**AQA RP8**: Investigate, using appropriate apparatus, the densities of regular and irregular solid objects and liquids, making and recording appropriate measurements.

**OCR PAG1**: Use of measurements to determine densities of solid and liquid objects

**Edexcel 4.3**: Investigate the densities of solid and liquids (such as an investigation that uses irregularly shaped objects and a density bottle)

There are lots of misconceptions here – the well known idea of comparing the weight of a kilo of feathers and a kilo of bricks shows this. We conflate density and weight in common conversation, quite apart from mass! Students have often encountered the ideas when learning about buoyancy, which is frequently taught in primary school science. You may have shown them a ball bearing floating on liquid mercury.

Predictably, there are lots of great ideas at Practical Physics; in particular I recommend reading the teaching guidance which suggests a narrative approach before introducing the maths. Considering typical misconceptions is also worthwhile. There are many practical activities which provide opportunities for various skills such as PRODME discussion, measurement and data recording. If you provide differently-sized lumps of plasticene to students and have them plot mass against volume the points should give a nice straight-line relationship – time to discuss proportionality! The same would be true of varied pieces of (the same) plywood or water balloons if you’d like more data. You might also like to discuss the difference between the name of a quantity and the unit, or the symbol and the abbreviated unit.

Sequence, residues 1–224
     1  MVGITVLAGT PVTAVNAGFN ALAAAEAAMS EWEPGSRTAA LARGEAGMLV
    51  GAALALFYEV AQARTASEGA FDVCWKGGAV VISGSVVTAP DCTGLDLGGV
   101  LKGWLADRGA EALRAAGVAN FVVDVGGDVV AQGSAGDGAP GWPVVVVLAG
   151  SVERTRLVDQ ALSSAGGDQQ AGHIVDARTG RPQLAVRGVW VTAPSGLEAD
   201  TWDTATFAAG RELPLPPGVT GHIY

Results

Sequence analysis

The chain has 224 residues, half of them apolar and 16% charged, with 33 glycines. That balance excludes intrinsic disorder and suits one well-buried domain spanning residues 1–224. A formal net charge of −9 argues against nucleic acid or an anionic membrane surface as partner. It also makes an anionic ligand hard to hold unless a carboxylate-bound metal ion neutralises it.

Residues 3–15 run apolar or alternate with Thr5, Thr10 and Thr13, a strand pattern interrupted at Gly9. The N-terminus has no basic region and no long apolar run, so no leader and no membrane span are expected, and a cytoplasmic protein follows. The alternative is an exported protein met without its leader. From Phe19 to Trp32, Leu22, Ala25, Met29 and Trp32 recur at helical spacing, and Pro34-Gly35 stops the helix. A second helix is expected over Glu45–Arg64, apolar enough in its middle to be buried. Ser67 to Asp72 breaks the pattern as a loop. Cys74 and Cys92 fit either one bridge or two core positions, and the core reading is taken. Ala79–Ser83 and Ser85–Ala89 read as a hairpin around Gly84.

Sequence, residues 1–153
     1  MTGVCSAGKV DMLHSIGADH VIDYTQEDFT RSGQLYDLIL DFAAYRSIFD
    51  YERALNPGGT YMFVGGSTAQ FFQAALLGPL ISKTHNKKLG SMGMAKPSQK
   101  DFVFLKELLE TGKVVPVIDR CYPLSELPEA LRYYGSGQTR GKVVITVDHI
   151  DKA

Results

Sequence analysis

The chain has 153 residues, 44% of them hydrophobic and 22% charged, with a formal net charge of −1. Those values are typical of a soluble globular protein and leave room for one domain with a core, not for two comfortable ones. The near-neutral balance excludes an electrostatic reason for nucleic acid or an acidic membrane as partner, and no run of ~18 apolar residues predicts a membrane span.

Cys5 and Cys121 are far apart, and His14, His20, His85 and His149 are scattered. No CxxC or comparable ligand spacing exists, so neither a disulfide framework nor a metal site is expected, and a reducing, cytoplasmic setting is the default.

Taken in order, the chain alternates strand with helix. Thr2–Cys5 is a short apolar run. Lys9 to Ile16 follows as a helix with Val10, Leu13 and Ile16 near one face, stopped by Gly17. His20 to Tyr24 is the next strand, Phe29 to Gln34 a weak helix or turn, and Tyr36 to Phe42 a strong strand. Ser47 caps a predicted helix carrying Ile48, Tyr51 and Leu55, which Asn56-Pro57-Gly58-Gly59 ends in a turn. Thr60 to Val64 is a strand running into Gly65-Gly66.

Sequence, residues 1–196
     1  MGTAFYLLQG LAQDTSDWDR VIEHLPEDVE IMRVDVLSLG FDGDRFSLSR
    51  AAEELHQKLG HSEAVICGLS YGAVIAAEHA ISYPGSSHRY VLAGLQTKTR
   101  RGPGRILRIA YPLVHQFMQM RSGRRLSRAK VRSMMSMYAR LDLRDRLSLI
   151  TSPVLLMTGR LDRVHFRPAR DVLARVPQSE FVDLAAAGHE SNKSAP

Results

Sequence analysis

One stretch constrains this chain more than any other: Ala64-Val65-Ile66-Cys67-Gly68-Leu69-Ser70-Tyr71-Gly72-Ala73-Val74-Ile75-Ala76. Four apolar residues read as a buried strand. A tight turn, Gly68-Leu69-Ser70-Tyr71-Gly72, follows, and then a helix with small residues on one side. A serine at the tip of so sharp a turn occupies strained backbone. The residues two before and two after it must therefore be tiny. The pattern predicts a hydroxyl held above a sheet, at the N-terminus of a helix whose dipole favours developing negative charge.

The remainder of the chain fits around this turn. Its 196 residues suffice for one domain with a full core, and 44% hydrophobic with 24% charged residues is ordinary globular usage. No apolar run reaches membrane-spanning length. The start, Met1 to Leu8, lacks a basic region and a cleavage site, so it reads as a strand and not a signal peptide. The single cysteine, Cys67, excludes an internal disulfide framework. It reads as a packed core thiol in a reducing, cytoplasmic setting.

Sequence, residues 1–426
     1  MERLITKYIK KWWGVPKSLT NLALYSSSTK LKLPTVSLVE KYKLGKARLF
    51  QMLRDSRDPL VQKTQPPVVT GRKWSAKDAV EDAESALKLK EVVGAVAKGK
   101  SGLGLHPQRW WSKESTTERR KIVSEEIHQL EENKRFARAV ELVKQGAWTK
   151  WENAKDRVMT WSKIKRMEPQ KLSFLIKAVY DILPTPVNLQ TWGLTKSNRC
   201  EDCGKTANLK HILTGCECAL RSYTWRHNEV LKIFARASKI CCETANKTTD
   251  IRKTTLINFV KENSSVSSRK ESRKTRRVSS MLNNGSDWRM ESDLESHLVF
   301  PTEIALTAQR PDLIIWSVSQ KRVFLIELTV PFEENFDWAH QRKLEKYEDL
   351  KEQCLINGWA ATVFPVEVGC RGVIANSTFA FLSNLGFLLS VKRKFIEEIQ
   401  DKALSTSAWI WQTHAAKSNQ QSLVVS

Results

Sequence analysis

As a follow-up, there’s a virtual practical at PhET which could be set as homework. This, like any simulation, gives an opportunity to discuss how we collect data, which lead to models, which make predictions, which can be compared to more observations. These animations give data which are unusually neat and clear compared to the untidiness of real life. (For real data, see the A-level Nuffield data book available on the eLibrary.) The density column as described at the American TeachEngineering resource site would be a great starter in a later lesson to check understanding. And how about using the Density notes at BBC Bitesize to create a ‘mistakes’ exercise which students can correct in class?

If you want videos there are unsurprisingly many options. Bang Goes The Theory created instructions to build your own Cartesian Diver. If you’d like something more theoretical, the ever-reliable Veritasium or Sixty Symbols might be good. You may of course have access to something like BrightStorm or BrainPOP as well.

If you’ve any ideas or improvements, please add them in the comments. This is the first post of a planned series supporting teachers with the new Physics GCSE ‘required’ practicals.

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